Cameras in phones are so commonplace that users have started taking it for granted now! This Era is of DSLRs! However the developers are working conscientiously to improve the picture-taking capabilities of the smartphones which means cramming a lot of tech into a small, and thin, package.When Apple unveiled its new iPhone 7 last week, Senior Vice President of Hardware Engineering Phil Schiller called the device's camera one of the most advanced ever put in a smartphone.
Upgrading the cameras in smartphones typically requires improving the sensors that pick up the image, the optics that focus it and, perhaps most importantly, the software and computing power in the phone.
From Nokia 7650, the first phone to have camera to Apple's I phone 7 and Samsung Galaxy Note 7 which has 853,000 times as much data-storage space as the Nokia 7650.It's no longer about just having a bigger sensor.the earliest phone cameras lacked the ability to focus. Now, smartphones can alter the position of the lens slightly using tiny motors and can provide a wider variety of depths of field and better autofocus capabilities. In fact, a big selling point of the iPhone 7 is the optical zoom, which actually changes the arrangement of lenses. The iPhone 6 had only a digital zoom, which just enlarges the image with software; it doesn't add any detail.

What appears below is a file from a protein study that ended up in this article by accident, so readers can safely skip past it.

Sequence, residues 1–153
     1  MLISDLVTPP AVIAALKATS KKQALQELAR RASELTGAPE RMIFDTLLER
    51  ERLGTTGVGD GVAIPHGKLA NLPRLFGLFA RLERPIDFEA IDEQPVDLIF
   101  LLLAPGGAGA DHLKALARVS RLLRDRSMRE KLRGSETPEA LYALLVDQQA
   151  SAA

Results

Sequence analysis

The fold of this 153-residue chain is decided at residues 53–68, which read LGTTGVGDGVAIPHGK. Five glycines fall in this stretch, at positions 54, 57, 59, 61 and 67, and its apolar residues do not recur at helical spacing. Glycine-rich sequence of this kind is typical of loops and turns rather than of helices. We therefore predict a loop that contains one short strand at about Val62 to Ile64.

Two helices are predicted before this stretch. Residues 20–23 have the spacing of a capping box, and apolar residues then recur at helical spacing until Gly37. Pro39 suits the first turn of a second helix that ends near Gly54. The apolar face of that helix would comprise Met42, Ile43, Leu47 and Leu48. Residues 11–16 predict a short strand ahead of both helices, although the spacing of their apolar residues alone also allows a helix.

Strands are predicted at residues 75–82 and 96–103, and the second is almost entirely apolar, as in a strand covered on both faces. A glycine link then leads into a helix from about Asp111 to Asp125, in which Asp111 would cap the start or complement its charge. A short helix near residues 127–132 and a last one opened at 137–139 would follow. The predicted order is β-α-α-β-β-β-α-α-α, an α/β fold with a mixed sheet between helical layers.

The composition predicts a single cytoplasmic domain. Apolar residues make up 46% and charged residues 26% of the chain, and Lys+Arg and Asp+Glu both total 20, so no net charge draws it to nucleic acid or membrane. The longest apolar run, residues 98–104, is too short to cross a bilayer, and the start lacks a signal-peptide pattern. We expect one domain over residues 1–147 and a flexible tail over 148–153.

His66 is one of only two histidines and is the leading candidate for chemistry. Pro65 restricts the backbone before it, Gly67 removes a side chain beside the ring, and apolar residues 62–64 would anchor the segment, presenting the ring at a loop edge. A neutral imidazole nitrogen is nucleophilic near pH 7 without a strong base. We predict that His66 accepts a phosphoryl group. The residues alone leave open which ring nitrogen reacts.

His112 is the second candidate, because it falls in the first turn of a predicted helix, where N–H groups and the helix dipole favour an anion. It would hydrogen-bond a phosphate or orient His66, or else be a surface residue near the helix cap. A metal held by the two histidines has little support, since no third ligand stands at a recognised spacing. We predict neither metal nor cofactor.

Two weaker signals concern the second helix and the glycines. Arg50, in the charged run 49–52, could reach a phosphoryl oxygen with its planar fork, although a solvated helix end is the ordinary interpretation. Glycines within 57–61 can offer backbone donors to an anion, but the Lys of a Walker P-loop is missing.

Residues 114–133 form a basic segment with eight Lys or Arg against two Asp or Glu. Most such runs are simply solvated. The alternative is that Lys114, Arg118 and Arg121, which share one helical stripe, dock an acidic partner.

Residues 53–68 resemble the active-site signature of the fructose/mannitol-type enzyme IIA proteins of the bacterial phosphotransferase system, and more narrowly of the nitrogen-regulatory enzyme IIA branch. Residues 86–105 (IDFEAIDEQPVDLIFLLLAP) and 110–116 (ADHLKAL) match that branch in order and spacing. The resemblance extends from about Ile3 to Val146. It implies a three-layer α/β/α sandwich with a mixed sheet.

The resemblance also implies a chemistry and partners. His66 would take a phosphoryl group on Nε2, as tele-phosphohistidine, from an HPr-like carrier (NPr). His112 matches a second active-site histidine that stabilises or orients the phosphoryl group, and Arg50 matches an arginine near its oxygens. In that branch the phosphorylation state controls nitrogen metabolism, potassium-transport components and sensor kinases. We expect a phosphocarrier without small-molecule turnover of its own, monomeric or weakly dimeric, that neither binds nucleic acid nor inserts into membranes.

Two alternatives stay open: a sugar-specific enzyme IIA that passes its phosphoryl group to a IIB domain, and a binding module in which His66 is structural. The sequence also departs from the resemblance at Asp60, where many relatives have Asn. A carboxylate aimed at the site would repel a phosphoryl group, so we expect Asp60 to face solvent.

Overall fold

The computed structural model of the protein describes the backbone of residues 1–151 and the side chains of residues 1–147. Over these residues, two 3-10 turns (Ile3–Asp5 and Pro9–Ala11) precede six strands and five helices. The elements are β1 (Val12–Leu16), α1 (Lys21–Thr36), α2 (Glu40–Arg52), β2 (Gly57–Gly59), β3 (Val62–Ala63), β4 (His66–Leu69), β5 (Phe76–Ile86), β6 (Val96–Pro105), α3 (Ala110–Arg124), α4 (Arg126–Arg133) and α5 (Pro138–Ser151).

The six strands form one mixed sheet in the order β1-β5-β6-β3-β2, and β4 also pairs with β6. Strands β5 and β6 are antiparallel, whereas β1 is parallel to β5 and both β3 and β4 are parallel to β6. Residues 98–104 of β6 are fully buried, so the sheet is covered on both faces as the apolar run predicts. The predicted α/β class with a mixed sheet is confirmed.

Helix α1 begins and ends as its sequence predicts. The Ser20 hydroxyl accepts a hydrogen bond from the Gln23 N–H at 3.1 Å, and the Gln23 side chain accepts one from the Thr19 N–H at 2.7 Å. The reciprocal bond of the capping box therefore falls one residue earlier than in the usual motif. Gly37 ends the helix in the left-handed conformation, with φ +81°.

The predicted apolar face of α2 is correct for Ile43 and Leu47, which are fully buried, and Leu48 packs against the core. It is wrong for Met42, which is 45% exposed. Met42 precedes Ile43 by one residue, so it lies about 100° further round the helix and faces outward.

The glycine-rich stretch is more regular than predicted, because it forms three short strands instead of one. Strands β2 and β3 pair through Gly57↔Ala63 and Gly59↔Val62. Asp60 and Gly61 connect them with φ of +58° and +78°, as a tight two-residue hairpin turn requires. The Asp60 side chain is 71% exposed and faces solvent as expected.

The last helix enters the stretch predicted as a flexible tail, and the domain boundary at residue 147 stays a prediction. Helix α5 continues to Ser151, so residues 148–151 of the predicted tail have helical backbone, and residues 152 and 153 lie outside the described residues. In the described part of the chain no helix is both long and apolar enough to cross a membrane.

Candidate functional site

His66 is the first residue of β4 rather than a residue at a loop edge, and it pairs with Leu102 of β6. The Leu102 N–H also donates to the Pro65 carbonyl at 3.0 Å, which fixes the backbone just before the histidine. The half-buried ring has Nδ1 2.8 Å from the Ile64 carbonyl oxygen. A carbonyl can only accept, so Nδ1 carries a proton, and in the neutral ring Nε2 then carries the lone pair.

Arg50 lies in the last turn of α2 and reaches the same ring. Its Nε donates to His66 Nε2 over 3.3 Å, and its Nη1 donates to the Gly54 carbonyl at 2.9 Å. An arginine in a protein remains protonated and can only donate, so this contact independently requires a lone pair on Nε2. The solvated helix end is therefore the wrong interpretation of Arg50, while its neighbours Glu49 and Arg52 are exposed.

However the aperture of the lens limits the resolution of a magnified image because when light waves go through a smaller opening, they tend to diverge rather than hitting the sensor in parallel. This process is called diffraction. Magnifying an image only magnifies the loss of detail, so the big lenses that professional photographers use will outperform a smartphone camera's zoom in some areas.